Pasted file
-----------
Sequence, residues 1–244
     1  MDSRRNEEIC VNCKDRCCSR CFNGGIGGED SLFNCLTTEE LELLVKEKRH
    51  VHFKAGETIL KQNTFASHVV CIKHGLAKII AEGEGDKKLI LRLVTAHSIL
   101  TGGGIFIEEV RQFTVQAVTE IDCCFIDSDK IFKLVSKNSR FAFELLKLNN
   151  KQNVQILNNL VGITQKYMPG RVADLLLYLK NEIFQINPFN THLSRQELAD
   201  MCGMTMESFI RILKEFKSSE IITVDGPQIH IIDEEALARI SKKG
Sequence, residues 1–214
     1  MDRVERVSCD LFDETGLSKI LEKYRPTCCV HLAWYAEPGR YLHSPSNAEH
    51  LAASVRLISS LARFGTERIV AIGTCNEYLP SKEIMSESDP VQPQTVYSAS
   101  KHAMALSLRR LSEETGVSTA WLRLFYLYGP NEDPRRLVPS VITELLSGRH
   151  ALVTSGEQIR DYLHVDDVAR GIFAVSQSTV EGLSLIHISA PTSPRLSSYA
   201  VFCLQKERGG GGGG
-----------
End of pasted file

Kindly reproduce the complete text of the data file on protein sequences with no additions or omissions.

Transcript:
Sequence, residues 1–244
     1  MDSRRNEEIC VNCKDRCCSR CFNGGIGGED SLFNCLTTEE LELLVKEKRH
    51  VHFKAGETIL KQNTFASHVV CIKHGLAKII AEGEGDKKLI LRLVTAHSIL
   101  TGGGIFIEEV RQFTVQAVTE IDCCFIDSDK IFKLVSKNSR FAFELLKLNN
   151  KQNVQILNNL VGITQKYMPG RVADLLLYLK NEIFQINPFN THLSRQELAD
   201  MCGMTMESFI RILKEFKSSE IITVDGPQIH IIDEEALARI SKKG
Sequence, residues 1–214
     1  MDRVERVSCD LFDETGLSKI LEKYRPTCCV HLAWYAEPGR YLHSPSNAEH
    51  LAASVRLISS LARFGTERIV AIGTCNEYLP SKEIMSESDP VQPQTVYSAS
   101  KHAMALSLRR LSEETGVSTA WLRLFYLYGP NEDPRRLVPS VITELLSGRH
   151  ALVTSGEQIR DYLHVDDVAR GIFAVSQSTV EGLSLIHISA PTSPRLSSYA
   201  VFCLQKERGG GGGG